One area that is an obvious target is the US stock market. North American investors have led the way for several decades and, as a result, there are a wide range of investment opportunities. A prime example is the S&P 500 index, which is made up of the 500 largest US listed stocks.
Investing in a US-based product might ,at first glance, appear a daunting prospect, but it is made easier by the fact that the performance of the S&P index is tracked by fund managers offering ETFs (Exchange Traded Funds). These are low-cost, user-friendly instruments, and some S&P 500 index tracker funds can be bought in GBP share class form to avoid currency market complications.
Analysis of the best S&P 500 index funds for UK investors reveals a list of funds that could offer relatively stable returns. That consistency is one of the main reasons why seasoned pros suggest an investment in an S&P index as a core part of most investment portfolios.
Let’s continue as we investigate which of these funds are worthwhile pursuits for UK-based traders.
Why are S&P 500 Index Funds so Popular?
At AskTraders, we’ve previously provided a detailed breakdown of how the S&P index was created and how it operates. However, the most important feature of the index and part of the reason why it can be considered so popular to UK investors ,is its ability to spread risk and exposure across a large number of the largest firms in the world.
The S&P 500 Index includes multinationals such as Apple Inc, Microsoft Corp and Tesla Inc, and some smaller firms that aren’t household names outside of the US. Diversifying investment across a large number of firms allows investors to catch the upside from large-cap firms, which offer stability, and growth stocks, which offer greater risk-return. It also hedges against the risk of a single stock pick going wrong.
The firms that make up the S&P index are listed on Tier-1 US exchanges such as the New York Stock Exchange and NASDAQ Exchange, but they are also outward-looking – many have global operations that have a track record of generating consistent revenues.
The way that S&P index funds spread risk doesn’t result in investors having to sacrifice returns. Between March 2016 and September 2022, the S&P index doubled in value. That growth is also relatively stable in nature, as reflected by the fact that, over a 10-year period, starting in 2012, the S&P index experienced only one down year, 2018. The best annual return was posted in 2019, when the index posted an impressive 31.49% increase in value.
S&P 500 index funds are also highly transparent. While it’s made up of 500 different firms, it’s still possible to dig into the details to find the key metrics that are used in the fundamental analysis favoured by long-term investors. For example, as of September 2022, the trailing P/E ratio was an attractive 22.89 and the average annual dividend yield was 1.7%.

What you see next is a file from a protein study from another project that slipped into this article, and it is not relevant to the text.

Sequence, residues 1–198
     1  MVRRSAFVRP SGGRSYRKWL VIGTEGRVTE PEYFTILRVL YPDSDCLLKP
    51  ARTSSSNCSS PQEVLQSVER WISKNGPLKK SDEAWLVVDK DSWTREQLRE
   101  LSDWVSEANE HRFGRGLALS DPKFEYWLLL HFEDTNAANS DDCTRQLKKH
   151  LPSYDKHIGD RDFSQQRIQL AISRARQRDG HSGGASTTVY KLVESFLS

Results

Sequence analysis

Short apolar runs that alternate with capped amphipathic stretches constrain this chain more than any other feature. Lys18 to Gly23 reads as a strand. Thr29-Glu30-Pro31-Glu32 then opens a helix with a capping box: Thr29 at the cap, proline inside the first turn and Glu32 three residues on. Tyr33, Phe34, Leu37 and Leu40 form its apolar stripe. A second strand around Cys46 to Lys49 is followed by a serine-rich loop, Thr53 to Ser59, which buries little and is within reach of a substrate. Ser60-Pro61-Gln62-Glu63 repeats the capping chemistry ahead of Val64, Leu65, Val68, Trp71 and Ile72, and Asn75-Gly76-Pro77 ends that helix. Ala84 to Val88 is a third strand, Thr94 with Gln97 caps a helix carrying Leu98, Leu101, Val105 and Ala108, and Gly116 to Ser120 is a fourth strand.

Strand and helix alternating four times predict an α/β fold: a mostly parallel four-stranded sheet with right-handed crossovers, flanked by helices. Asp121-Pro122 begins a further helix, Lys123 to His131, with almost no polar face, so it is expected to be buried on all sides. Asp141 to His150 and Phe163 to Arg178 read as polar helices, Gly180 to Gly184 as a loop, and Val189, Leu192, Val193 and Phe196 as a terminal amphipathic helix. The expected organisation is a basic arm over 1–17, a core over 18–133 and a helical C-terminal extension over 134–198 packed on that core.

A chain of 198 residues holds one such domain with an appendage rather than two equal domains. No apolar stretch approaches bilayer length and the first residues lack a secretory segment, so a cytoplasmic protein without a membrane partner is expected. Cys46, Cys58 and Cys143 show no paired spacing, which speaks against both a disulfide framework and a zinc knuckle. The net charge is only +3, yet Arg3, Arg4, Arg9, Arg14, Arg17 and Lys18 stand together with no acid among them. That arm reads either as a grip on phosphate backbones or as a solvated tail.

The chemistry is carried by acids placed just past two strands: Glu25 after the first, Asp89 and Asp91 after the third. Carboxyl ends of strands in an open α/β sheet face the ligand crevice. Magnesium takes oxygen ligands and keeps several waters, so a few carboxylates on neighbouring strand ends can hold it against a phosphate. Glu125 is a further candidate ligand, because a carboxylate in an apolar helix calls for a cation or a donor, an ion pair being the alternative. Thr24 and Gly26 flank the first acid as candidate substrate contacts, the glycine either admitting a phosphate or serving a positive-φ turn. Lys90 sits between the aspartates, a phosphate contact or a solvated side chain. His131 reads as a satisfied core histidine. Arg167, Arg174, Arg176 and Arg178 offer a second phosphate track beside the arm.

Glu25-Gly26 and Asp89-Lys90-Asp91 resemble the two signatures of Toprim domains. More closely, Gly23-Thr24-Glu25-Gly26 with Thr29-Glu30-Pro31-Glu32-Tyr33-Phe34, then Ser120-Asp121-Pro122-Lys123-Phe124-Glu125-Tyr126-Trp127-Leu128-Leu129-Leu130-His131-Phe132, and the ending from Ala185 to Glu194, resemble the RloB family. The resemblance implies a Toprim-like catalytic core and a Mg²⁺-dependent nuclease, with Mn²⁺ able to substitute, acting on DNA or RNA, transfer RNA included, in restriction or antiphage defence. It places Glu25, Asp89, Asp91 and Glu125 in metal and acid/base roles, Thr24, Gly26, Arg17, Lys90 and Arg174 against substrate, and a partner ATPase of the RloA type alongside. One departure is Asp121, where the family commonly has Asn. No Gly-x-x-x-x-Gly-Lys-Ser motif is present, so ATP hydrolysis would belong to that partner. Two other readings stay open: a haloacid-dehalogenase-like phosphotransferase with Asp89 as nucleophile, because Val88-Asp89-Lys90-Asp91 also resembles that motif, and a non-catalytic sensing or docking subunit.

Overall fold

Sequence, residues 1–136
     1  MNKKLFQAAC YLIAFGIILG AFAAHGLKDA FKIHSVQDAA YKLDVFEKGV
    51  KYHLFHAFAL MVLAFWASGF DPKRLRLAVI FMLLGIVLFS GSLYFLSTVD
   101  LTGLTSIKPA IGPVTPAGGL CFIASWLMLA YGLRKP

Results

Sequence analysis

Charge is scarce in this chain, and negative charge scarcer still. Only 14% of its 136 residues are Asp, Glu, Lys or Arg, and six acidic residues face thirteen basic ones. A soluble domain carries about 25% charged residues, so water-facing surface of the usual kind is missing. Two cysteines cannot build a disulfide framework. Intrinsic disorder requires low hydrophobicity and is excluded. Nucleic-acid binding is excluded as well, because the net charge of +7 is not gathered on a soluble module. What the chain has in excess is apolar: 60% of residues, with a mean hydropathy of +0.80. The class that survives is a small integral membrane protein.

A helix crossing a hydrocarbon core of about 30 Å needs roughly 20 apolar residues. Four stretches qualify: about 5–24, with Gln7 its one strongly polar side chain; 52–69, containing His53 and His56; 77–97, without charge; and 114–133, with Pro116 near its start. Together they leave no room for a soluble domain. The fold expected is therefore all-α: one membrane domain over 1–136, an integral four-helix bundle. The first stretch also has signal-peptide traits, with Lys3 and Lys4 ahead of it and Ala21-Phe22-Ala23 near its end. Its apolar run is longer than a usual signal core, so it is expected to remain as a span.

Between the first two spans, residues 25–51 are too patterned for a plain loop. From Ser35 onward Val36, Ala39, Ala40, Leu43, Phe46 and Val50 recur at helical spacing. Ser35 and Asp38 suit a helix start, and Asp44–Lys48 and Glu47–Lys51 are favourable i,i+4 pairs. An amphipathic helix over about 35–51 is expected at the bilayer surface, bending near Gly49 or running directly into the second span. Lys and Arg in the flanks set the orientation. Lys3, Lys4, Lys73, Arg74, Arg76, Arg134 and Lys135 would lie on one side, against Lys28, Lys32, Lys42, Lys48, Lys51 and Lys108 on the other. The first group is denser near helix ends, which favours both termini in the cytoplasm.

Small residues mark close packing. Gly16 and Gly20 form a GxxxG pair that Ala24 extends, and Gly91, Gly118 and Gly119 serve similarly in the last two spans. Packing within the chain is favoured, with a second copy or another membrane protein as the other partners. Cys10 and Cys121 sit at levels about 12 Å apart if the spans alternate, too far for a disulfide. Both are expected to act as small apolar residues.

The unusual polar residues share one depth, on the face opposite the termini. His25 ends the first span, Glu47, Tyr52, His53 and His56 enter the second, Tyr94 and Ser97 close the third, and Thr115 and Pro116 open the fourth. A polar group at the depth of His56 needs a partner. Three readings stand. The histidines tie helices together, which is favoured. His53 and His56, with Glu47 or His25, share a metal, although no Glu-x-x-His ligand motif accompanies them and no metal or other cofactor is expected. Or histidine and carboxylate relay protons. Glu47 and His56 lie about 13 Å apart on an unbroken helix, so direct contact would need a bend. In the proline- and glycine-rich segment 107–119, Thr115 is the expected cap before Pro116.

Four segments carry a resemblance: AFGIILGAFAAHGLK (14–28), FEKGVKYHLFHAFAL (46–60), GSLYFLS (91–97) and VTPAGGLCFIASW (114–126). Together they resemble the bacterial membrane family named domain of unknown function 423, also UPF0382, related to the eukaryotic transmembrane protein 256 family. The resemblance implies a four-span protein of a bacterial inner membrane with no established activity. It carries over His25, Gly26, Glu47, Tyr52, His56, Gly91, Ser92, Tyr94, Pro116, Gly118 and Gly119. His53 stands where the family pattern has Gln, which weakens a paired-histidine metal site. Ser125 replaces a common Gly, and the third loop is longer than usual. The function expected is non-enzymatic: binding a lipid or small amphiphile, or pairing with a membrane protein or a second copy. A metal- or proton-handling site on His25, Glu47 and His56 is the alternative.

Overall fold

S&P 500 Index Annual Return and Price Volatility
|Year||Total Calendar Return (including dividends)||Volatility ($)|
Source: SPGlobal / Netcials
Which S&P 500 Index Fund is Worth Investing in from the UK?
The S&P 500 index was created and continues to be managed by the market data firm Standard & Poor’s, which manages the index rather than offer instruments for investors to buy. Thanks to the popularity of the index and its role as a bellwether for the stock market in general, large reputable investment management firms offer fund products that track the index, which investors from all around the world can buy into.
Given the advantages of investing in the S&P index, there are a lot of tracker funds to choose from. The competition between firms helps keep costs down but finding the best S&P index fund for UK investors can be a daunting task. With the advantages of doing so clearly apparent, below is our list of the best British pound-denominated S&P 500 ETFs.
- Vanguard S&P 500 UCITS ETF – GBP (VUSA)
- Xtrackers S&P 500 UCITS ETF 2C – GBP Hedged (XDPG)
- iShares Core S&P 500 UCITS ETF GBP Hedged (GSPX)
One of the advantages of ETF tracker funds and ETFs, in general, are that they are typically associated with relatively low management costs. Research carried out by the fund manager Vanguard, estimates that the average expense ratio across the wider ETF sector is 0.24%. The expense ratio of S&P ETFs is usually even lower, thanks to the underlying instruments being highly liquid stocks with tight bid-offer spreads.
The expense ratio reflects the work the fund manager carries out going into the market to buy the 500 stocks in the index on behalf of their clients. For many, it’s a small price to pay for the convenience offered. If an investor opened a £10,000 position in an ETF with a 0.24% expense ratio, then the annual management fee would be £24.
One additional feature for UK investors in S&P tracker funds to consider is currency risk. As the index and its members are denominated in US dollars, movements in the forex markets can influence returns as much as changes to stock prices. Take, for example, a hypothetical situation where the S&P index didn’t change in value over a certain time period. If the conversion rate between USD and GBP moved by 10% at the same time, then the net return to investors would be 10% different, even though the underlying stock prices remained the same.